She was sure she hadn’t hit it. She’d been chasing the fighter, yes, lining up for another go. Then it had just . . . fallen apart. How could she explain what she’d seen? No one would believe her version, because what she saw was unbelievable.
“Let’s go home,” Elena radioed happily. READ MORE
by Ted Kosmatka
Space is to place as eternity is to time. —Joseph Joubert
* * *
The mission went wrong early.
Only nine years out. Past the Kuiper and deep into the Oort.
The tone of the transmissions had changed over time—the complaints small at first, then growing more heated. More personal.
“Doctor Nasmeth hasn’t seen fit to perform equipment checks.”
“Doctor Nasmeth skipped his turn at the air purifiers.”
“Doctor Nasmeth . . .”
For his part, the good doctor brooded but did not complain. Quiet and contemplative, he focused on the mission: a plan to carry three thousand cryogenically suspended blastocysts safely across the black, along with frozen crew. It would take the better part of a century, if all went well, an exploratory expedition to one of three candidate exoplanets and a mission like nothing humanity had ever before attempted.
The two men kept watch. Doctor Nasmeth and Jason Zaya. Sentinels of the long night; they updated the cryo-systems, prepped the saturation engines, and walked like ghosts among the frozen cells.
Back home, a dozen psychologists studied Nasmeth’s every word, every gesture, and none saw the breaking point until it came—revealed in an unplanned communication when on the twenty-sixth of December he took a seat at the comm’s desk, logged onto the transmission channel and spoke casually into the feed. The message was short. Two simple sentences, but they sent a shock wave through mission control and began a series of events that would shake the world and leave thousands dead.
Nasmeth keyed the mic, looked into the camera and whispered, “I’m going to tell you something, because there’s nothing you can do to stop it now. I’m going to kill Jason Zaya.”
* * *
The mission had begun in earnest more than a decade earlier. A thousand candidates tested and discarded—Nasmeth and Zaya the best of the best. Three sigma, whole-spectrum, with specialties off the scale.
The public loved them. Two explorers who’d hold the fate of thousands in their capable hands.
When the rockets lifted skyward, the people of Earth were divided, not by race, or nationality, or ideology. They were divided between those who loved Dr. Nasmeth, the quiet, studious biologist, and those who loved the flamboyant engineering specialist, Jason Zaya. There had been a dozen psychological exams. A dozen tests for temperament, intelligence, and mental stability.
There was one test they’d never thought to conduct. They never asked them if they liked each other.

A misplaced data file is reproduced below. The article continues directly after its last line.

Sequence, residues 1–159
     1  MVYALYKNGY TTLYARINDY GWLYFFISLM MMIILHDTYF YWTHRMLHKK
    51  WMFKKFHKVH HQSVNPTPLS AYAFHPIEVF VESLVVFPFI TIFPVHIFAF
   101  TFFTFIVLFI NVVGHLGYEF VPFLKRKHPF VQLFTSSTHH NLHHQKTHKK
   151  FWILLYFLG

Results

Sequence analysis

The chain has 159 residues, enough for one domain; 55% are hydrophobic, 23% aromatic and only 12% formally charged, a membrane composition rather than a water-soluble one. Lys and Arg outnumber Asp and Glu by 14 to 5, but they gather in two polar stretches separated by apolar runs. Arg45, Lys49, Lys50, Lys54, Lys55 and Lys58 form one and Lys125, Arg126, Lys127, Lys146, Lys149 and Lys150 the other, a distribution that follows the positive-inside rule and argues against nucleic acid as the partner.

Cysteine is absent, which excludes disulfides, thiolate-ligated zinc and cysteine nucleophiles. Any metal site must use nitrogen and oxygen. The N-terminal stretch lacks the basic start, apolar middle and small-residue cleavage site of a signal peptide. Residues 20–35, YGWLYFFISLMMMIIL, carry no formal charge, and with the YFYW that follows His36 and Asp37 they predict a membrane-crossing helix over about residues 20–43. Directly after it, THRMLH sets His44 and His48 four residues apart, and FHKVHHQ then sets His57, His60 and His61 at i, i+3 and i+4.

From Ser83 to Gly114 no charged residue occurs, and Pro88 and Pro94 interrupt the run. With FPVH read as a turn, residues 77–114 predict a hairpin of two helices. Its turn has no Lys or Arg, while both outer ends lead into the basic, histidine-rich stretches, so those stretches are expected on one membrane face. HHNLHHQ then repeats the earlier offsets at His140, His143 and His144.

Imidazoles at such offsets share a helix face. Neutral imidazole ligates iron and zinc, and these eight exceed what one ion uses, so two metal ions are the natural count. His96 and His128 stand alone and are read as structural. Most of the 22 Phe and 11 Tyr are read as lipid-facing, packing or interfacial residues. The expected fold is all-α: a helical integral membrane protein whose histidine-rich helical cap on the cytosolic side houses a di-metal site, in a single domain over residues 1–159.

* * *
The people of Earth followed the crew’s advance across space and time through a series of video transmissions. The faster the ship accelerated, the more attenuated the messages—arriving at first every two weeks, then every three, then five, then eight. All the while, for the astronauts aboard the Novus Initus, the pattern never varied. Their messages were sent like clockwork, and to them, it was the replies that took longer and longer to arrive.
It was as if time itself was attenuating, stretching thin and weak, along with their link to the world they’d left behind.
The fan clubs started in the schools for the most part. The children watched the broadcasts, and the fanbases grew—the two men like ascendant gods, safe to revere. Their mission, a new start for humanity. New territory. A place to do it right.
The kids picked their favorite and followed him closely. Nasmeth or Zaya. Zaya or Nasmeth. As opposite in appearance as personality. Nasmeth stiff and blond as a reed; Zaya brown-haired, wider, with a neck like a bull. A hundred thousand, a million, ten million fans, from Chengdu to Chicago. A whole generation grew up listening to their video talks, these men who didn’t seem to age—transmissions arriving like mini time capsules, growing further and further out of sync.
“The future is about choices,” Zaya said once, smiling into the feed. “You have to be willing to do the hard thing, or you end up erased from history.”
Future historians would take note.
The men gave talks on the saturation engines, the Big Bang, and universal inflation. Nasmeth a biologist. Zaya engineering. Between the two of them, you picked your hero.
* * *
The first hints went public slowly. A comment here, an odd facial expression there, revealed in the slow evolution of the video feeds. Only the most astute caught on. Perhaps the fans knew it first—even before the scientific teams.
“He’s a control freak,” they said of Zaya in a thousand pubs.
“What? Are you kidding? Nasmeth is a slacker.”
“They don’t put slackers in charge of the saturation engines. He’s just following the routines.”
“The routines don’t matter.” READ MORE